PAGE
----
Catechol

A summary of the most common chemical descriptors (InChI Key and SMILES codes) for Catechol are summarized together with 3D and 2D structures and relevant physico-chemical properties.

What is the Catechol?

The molecule Catechol presents a molecular formula of C6H6O2 and its IUPAC name is catechol.

Catechol is a molecule that is produced by the body as a by-product of the metabolism of the amino acid tyrosine. It is also found in a number of plants, including the Catechu tree. Catechol has a number of important functions in the body, including acting as a precursor to the neurotransmitters dopamine and norepinephrine, and as a coenzyme in the production of the amino acid tryptophan. It is also a powerful antioxidant, and has been shown to protect cells from damage caused by oxidative stress..

3D structure

Cartesian coordinates

Geometry of Catechol in x, y and z coordinates (Å units) to copy/paste elsewhere. Generated with Open Babel software.

2D drawing

 

Catechol YCIMNLLNPGFGHC-UHFFFAOYSA-N chemical compound 2D structure molecule svg
Catechol

 

Molecule descriptors

 
IUPAC namecatechol
InChI codeInChI=1S/C9H18/c1-3-5-9-7-4-6-8(9)2/h8-9H,3-7H2,1-2H3/t8-,9+/m1/s1
InChI KeyYCIMNLLNPGFGHC-UHFFFAOYSA-N
SMILESc1(c(O)cccc1)O

Other names (synonyms)

IUPAC nomenclature provides a standardized method for naming chemical compounds. Although this system is widely used in chemistry, many chemical compounds have also other names commonly used in different contexts. These synonyms can come from a variety of sources and are used for a variety of purposes.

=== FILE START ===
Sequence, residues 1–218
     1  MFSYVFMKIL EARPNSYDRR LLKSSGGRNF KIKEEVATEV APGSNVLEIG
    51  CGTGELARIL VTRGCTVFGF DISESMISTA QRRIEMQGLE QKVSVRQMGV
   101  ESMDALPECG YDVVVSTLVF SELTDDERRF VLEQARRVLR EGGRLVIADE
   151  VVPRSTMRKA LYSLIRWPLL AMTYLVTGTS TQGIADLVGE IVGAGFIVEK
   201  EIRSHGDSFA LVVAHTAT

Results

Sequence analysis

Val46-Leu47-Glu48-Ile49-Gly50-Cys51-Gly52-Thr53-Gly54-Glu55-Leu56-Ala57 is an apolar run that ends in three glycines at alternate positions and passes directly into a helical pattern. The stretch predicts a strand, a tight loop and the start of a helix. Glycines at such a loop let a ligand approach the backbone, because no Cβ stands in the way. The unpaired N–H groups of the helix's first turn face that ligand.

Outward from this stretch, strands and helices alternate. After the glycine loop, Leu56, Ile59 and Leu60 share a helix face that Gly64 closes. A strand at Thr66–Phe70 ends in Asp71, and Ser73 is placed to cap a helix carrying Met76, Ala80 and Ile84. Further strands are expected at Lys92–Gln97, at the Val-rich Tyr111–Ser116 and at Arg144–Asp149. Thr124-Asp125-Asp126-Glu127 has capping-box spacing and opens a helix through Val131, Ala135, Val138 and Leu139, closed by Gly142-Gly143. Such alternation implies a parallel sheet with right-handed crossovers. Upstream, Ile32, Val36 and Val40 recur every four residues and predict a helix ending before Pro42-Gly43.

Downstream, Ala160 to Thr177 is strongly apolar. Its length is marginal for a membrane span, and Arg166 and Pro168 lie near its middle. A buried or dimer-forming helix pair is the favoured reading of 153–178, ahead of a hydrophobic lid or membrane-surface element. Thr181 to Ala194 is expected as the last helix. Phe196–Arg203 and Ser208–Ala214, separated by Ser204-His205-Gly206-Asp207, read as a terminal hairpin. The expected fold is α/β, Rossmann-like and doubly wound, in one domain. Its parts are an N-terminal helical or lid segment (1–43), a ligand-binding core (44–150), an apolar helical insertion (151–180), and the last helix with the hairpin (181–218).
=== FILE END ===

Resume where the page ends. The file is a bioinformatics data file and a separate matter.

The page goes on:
One common source of synonyms for chemical compounds is the common or trivial names, assigned on the basis of appearance, properties, or origin of the molecule.

Another source of synonyms are historical or obsolete names employed in the past, however replaced nowadays by more modern or standardized names.

In addition to common and historical names, chemical compounds may also have synonyms that are specific to a particular field or industry.

Reference codes for other databases

There exist several different chemical codes commonly used in orded to identify molecules:

Physico-Chemical properties

IUPAC namecatechol
Molecular formulaC6H6O2
Molecular weight110.111
Melting point (ºC)105
Boiling point (ºC)245
Density (g/cm3)-
Molar refractivity30.49
LogP1.1
Topological polar surface area-

LogP and topological polar surface area (TPSA) values were estimated using Open Babel software.

The n-octanol/water partition coeficient (Kow) data is applied in toxicology and drug research. Kow values are used, to guess the environmental fate of persistent organic pollutants. High partition coefficients values, tend to accumulate in the fatty tissue of organisms. Molecules with a log(Kow) (or LogP) greater than 5 are considered to bioaccumulate.

TPSA values are the sum of the surface area over all polar atoms or molecules, mainly oxygen and nitrogen, also including hydrogen atoms.

In medicinal chemistry, TPSA is used to assess the ability of a drug to permeabilise cells.

For molecules to penetrate the blood-brain barrier (and act on receptors in the central nervous system), TPSA values below 90 Å2 are required. Thus, molecules with a polar surface area greater than 140 Å2 tend to be poorly permeable to cell membranes.